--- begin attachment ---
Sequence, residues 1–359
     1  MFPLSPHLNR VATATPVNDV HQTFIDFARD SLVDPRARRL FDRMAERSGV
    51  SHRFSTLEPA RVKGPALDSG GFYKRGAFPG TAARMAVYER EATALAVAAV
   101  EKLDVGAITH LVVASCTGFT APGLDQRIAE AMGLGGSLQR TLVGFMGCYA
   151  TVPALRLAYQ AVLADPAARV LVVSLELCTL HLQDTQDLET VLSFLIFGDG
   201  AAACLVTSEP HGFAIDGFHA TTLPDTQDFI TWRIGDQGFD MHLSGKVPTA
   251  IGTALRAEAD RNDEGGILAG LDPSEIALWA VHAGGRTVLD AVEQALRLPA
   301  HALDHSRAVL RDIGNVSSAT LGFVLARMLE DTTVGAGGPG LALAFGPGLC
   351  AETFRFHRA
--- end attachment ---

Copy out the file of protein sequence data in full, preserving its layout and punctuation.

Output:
Sequence, residues 1–359
     1  MFPLSPHLNR VATATPVNDV HQTFIDFARD SLVDPRARRL FDRMAERSGV
    51  SHRFSTLEPA RVKGPALDSG GFYKRGAFPG TAARMAVYER EATALAVAAV
   101  EKLDVGAITH LVVASCTGFT APGLDQRIAE AMGLGGSLQR TLVGFMGCYA
   151  TVPALRLAYQ AVLADPAARV LVVSLELCTL HLQDTQDLET VLSFLIFGDG
   201  AAACLVTSEP HGFAIDGFHA TTLPDTQDFI TWRIGDQGFD MHLSGKVPTA
   251  IGTALRAEAD RNDEGGILAG LDPSEIALWA VHAGGRTVLD AVEQALRLPA
   301  HALDHSRAVL RDIGNVSSAT LGFVLARMLE DTTVGAGGPG LALAFGPGLC
   351  AETFRFHRA